The first step toward developing an effective network security plan is to assess the threat that connection presents to your systems. RFC 2196, Site Security Handbook, identifies three distinct types of security threats usually associated with network connectivity:
Assess these threats in relation to the number of users who would be affected, as well as to the sensitivity of the information that might be compromised. For some organizations, break-ins are an embarrassment that can undermine the confidence that others have in the organization. Intruders tend to target government and academic organizations that will be embarrassed by the break-in. But for most organizations, unauthorized access is not a major problem unless it involves one of the other threats: disclosure of information or denial of service.
Assessing the threat of information disclosure depends on the type of information that could be compromised. While no system with highly classified information should ever be directly connected to the Internet, systems with other types of sensitive information might be connected without undue hazard. In most cases, files such as personnel and medical records, corporate plans, and credit reports can be adequately protected by network access controls and standard Unix file security procedures. However, if the risk of liability in case of disclosure is great, the host may choose not to be connected to the Internet.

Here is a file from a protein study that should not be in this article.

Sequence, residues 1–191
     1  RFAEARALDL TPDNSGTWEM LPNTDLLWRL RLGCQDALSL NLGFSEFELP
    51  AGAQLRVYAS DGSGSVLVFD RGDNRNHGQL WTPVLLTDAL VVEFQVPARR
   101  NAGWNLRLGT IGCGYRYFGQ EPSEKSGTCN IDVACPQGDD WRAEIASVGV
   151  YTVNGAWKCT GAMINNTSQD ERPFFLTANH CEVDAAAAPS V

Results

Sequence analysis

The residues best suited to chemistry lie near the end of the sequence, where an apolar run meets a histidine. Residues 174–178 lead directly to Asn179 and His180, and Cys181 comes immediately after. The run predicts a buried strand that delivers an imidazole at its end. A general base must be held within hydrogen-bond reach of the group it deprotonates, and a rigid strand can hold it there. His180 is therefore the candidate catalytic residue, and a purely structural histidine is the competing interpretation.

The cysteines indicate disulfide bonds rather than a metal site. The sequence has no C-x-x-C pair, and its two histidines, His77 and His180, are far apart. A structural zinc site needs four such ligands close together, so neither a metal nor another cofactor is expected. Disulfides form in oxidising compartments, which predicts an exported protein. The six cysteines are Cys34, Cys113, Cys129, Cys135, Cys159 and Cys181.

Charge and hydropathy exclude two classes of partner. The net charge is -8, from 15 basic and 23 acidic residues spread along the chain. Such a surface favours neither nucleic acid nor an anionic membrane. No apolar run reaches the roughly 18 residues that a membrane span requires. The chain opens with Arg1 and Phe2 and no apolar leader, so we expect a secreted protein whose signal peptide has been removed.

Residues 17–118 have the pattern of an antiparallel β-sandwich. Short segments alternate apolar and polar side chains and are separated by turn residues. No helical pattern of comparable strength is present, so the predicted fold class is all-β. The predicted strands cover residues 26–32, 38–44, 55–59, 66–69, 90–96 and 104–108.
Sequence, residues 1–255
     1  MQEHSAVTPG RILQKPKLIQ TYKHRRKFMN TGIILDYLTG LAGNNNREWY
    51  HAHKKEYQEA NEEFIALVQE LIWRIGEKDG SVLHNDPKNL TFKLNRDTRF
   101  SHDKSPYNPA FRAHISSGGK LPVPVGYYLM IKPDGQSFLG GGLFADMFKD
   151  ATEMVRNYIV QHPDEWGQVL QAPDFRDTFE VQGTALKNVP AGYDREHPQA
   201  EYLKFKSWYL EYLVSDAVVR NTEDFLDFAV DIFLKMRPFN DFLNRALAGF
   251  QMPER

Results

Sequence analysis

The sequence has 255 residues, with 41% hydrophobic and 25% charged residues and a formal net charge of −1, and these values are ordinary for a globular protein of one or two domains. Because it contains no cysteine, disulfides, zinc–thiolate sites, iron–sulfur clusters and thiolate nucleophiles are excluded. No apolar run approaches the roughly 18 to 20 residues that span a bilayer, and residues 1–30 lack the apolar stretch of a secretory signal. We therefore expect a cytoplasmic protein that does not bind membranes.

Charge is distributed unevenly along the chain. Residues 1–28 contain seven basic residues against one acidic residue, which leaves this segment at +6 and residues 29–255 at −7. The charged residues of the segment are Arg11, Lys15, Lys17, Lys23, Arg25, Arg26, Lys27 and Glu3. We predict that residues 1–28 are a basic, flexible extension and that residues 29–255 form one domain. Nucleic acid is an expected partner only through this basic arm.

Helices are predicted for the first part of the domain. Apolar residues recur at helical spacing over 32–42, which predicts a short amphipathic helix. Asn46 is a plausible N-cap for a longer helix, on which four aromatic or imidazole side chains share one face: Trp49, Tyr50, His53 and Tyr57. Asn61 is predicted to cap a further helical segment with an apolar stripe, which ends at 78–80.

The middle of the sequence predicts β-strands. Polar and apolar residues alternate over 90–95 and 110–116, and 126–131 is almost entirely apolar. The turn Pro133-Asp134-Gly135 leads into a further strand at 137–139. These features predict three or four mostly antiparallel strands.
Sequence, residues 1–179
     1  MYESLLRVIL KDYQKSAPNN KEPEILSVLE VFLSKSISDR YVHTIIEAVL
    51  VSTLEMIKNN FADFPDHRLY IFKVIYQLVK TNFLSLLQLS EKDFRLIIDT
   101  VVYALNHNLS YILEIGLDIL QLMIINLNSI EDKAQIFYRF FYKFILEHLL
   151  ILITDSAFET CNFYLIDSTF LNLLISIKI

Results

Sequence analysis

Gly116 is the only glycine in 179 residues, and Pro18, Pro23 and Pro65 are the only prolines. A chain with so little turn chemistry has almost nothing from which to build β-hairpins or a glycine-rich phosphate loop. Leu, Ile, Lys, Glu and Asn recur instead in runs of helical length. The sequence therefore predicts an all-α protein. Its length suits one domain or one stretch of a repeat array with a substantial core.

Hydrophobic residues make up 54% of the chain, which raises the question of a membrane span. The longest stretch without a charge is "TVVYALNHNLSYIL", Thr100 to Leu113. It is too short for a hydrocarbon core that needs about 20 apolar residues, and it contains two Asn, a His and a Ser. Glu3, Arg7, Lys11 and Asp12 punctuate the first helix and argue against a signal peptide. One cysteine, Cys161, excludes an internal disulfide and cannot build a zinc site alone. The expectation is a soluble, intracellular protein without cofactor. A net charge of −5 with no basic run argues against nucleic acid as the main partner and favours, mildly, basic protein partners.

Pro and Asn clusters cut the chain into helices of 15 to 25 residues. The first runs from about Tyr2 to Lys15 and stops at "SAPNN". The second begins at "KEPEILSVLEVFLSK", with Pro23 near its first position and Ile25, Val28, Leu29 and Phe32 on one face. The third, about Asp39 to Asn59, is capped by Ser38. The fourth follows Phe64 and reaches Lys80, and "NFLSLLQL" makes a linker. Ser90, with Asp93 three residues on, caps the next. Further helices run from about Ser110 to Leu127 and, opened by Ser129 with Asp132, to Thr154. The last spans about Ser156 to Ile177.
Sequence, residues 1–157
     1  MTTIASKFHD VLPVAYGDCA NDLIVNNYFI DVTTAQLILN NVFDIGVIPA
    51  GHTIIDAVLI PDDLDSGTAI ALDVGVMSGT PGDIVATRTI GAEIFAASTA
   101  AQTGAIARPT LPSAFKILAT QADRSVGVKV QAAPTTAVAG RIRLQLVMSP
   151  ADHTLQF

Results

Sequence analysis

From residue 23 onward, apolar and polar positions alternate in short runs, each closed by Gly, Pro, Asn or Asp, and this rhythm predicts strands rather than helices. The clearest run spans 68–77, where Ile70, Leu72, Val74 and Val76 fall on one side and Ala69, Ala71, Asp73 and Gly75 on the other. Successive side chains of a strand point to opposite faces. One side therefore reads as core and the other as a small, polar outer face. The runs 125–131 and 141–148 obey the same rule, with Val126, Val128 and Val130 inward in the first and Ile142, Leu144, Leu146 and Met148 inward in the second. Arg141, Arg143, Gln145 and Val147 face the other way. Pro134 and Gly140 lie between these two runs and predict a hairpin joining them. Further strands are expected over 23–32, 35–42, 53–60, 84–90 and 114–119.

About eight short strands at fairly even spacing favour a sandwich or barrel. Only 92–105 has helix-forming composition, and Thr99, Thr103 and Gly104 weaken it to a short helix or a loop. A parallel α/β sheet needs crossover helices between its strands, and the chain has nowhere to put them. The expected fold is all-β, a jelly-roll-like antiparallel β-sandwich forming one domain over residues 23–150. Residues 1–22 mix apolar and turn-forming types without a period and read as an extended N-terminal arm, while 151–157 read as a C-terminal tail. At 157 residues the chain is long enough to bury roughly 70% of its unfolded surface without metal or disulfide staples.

Denial of service can be a severe problem if it impacts many users or a major mission of your organization. Some systems can be connected to the network with little concern. The benefit of connecting individual workstations and small servers to the Internet generally outweighs the chance of having service interrupted for the individuals and small groups served by these systems. Other systems may be vital to the survival of your organization. The threat of losing the services of a mission-critical system must be evaluated seriously before connecting such a system to the network.
An insidious aspect of DoS appears when your system becomes an unwitting tool of the attackers. Through unauthorized access, intruders can place malicious software on your system in order to use your system as a launching pad for attacks on others. This is most often associated with Microsoft systems, but any type of computer system can be a victim. Preventing your system from becoming a tool of evil is an important reason for protecting it.
In his class on computer security, Brent Chapman classifies information security threats into three categories: threats to the secrecy, to the availability, and to the integrity of data. Secrecy is the need to prevent the disclosure of sensitive information. Availability means that you want information and information processing resources available when they are needed; a denial-of-service attack disrupts availability. The need for the integrity of information is equally obvious, but its link to computer security is more subtle. Once someone has gained unauthorized access to a system, the integrity of the information on that system is in doubt. Some intruders just want to compromise the integrity of data; we are all familiar with cases where web vandals gain access to a web server and change the data on the server in order to embarrass the organization that runs the web site. Thinking about the impact network threats have on your data can make it easier to assess the threat.